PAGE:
Two of Moon’s cabinet picks are resisted by reps

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Two of Moon’s cabinet picks are resisted by reps

Upon returning from the Group of 20 Summit in Germany, President Moon Jae-in spent Monday pondering a series of domestic political challenges, including the delayed appointments of key ministers.

Before leaving for his six-day trip last week, Moon requested the National Assembly to approve confirmation hearing reports for nominees to head the Ministry of National Defense and the Ministry of Labor by Monday. Song Young-moo, the defense minister nominee, and Cho Dae-yop, the labor minister nominee, were grilled at the end of last month, but no reports were endorsed as of Monday. Opposition lawmakers rejected them for ethical lapses.

The National Assembly had until July 3 to approve the reports, and Moon asked them to do so by Monday, giving a week extension. If no reports are endorsed, Moon has the power to make formal appointments of the nominees without assembly confirmation.

Moon has already bypassed opposition lawmaker disapproval to appoint Kim Sang-jo, a critic of conglomerates, as head of the Fair Trade Commission, and Kang Kyung-wha, a longtime UN diplomat, as foreign minister.

Three opposition parties, however, are trying to link the two nominees’ fates with the passage of Moon’s supplementary budget request to create jobs. They said both Song and Cho are unfit to serve in the posts and pressured Moon to withdraw the nominations ? or they won’t vote for the supplementary budget.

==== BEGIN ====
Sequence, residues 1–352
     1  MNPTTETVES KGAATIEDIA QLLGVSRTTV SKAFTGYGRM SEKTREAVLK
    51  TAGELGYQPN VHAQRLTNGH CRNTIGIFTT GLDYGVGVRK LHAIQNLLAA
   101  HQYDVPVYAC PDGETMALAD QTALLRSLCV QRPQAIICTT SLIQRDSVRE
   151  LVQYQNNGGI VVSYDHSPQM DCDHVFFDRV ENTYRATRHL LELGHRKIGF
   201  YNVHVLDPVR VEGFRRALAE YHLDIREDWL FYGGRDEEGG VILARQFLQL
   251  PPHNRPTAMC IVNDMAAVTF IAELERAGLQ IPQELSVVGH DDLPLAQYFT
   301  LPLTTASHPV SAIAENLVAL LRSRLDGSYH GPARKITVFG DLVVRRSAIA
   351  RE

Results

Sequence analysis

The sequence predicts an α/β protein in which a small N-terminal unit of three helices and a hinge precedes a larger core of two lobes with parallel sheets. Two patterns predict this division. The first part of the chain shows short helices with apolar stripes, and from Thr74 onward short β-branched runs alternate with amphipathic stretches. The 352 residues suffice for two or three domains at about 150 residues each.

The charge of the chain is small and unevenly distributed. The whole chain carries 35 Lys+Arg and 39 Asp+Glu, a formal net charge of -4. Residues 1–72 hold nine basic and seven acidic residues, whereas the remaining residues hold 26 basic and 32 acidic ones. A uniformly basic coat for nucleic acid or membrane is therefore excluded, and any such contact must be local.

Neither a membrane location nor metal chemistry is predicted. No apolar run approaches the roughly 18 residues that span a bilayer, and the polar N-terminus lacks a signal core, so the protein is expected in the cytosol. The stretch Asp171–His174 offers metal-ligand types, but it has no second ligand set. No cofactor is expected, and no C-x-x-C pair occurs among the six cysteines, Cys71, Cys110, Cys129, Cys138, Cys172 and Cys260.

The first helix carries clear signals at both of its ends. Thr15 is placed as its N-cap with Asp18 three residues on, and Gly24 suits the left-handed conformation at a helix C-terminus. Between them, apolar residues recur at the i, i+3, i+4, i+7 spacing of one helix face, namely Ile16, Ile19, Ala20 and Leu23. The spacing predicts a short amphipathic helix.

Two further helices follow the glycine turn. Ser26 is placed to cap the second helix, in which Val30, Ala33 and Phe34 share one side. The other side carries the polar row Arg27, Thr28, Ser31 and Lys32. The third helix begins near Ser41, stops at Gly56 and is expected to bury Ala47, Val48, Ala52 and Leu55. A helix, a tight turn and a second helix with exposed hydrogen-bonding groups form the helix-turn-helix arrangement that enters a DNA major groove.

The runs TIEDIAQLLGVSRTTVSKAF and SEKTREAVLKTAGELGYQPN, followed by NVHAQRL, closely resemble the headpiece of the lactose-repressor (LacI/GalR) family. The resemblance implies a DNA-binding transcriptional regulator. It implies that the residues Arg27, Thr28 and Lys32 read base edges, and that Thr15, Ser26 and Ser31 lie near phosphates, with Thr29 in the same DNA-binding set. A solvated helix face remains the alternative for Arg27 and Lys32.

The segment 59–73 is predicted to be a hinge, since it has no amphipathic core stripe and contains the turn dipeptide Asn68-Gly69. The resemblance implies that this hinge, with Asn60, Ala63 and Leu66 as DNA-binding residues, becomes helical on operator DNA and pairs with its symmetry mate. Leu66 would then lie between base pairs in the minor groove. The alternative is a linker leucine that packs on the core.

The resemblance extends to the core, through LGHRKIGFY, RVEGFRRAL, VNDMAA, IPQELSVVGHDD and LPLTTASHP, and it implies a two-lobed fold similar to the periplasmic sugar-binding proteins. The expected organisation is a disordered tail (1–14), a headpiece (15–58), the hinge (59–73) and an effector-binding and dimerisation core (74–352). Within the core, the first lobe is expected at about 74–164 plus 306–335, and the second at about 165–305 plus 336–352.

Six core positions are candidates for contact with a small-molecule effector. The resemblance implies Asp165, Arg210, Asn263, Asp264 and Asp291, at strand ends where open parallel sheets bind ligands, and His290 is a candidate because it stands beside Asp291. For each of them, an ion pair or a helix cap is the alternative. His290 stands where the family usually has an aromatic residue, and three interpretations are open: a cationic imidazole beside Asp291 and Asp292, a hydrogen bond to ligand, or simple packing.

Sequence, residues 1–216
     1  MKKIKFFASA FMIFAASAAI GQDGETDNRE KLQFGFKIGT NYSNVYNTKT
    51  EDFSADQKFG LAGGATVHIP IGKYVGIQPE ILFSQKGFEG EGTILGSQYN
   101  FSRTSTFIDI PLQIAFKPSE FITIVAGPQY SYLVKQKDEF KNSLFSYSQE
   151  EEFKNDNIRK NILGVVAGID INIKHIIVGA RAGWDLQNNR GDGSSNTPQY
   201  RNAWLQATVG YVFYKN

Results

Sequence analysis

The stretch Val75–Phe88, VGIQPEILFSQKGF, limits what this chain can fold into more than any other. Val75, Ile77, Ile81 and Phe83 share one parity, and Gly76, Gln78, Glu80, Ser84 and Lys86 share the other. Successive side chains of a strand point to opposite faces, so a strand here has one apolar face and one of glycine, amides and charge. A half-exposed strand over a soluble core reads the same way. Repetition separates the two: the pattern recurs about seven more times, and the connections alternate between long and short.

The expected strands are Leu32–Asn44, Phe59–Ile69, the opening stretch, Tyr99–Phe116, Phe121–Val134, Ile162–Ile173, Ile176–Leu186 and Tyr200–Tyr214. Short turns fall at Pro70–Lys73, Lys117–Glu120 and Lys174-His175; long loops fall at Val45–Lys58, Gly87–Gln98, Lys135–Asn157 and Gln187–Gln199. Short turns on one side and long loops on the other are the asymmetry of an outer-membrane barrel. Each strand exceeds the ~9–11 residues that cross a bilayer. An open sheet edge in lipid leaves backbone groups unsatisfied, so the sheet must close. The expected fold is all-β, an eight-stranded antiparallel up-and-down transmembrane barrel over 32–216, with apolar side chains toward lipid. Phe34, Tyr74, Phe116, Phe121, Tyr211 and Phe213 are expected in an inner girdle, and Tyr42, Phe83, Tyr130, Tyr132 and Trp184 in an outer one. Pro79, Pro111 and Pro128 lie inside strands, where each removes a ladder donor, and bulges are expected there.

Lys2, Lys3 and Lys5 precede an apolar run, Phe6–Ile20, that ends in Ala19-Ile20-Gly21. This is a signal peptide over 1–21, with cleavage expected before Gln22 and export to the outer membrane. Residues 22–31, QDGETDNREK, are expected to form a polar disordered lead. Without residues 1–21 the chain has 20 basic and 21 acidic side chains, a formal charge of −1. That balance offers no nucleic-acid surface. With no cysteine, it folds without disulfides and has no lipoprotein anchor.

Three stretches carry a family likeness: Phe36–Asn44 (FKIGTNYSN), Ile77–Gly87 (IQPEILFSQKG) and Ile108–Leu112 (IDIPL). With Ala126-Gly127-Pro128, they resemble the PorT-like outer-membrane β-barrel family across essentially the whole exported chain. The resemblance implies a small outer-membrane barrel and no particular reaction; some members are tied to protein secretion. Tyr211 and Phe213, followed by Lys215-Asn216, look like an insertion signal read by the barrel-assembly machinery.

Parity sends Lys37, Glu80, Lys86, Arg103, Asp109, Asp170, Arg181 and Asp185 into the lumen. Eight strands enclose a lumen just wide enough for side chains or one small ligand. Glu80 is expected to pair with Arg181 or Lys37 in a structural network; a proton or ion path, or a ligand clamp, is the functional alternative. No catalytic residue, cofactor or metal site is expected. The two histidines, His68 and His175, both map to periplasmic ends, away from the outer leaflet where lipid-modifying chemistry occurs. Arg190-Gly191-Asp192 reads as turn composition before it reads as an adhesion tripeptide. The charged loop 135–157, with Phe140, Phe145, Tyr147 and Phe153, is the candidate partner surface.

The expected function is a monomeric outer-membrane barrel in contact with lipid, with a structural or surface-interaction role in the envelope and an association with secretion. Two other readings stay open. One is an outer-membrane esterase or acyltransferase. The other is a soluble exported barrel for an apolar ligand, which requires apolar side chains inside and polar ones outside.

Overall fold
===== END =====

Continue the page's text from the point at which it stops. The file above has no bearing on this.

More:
Song and Cho are both under fire for records of driving under the influence of alcohol. Song was also criticized for having received extremely high consulting fees from a law firm that represented a defense company after his retirement from military service.

Cho was criticized for having served as an outside director of a company that he partly owns while working as a professor at Korea University in violation of the school’s regulations. He said during the confirmation hearing that he did not know he was listed as an outside director of the broadcasting firm. Lawmakers said he was lying because he owns 50-percent of the company and the claim made no sense.

“Their fates are up to the president,” a senior presidential aide told the Munhwa. “Their flaws are not related to the jobs they are being asked to perform.”

The Blue House wants the supplementary budget bill to be approved in the July session of the legislature in order to spend the money during the second half of this year. Two conservative opposition parties, however, said Moon’s decisions to appoint Song and Cho will lead to their boycotting of the legislature. Moon’s Democratic Party does not have a majority in the National Assembly.

The People’s Party initially promised to deal with the confirmations and supplementary budget bill separately, but it recently withdrew its cooperation after Democratic Party Chairwoman Choo Mi-ae’s criticism of the party’s smear campaign against Moon during the presidential campaign in May.

Some progress, however, was made in the formation of Moon’s cabinet as the confirmation hearing report for another nominee was approved Monday. You Young-min, named to head the Ministry of Science, ICT and Future Planning, underwent the confirmation hearing last week.

The ruling Democratic Party also introduced Monday the supplementary budget bill to the National Assembly’s Special Committee on Budget and Accounts, but major opposition parties boycotted the committee meeting. Rep. Youn So-ha of the Justice Party was the only opposition lawmaker who attended the session.

The Democratic Party and the Justice Party, however, don’t have enough votes to pass the bill in the committee and send it to a main voting session.

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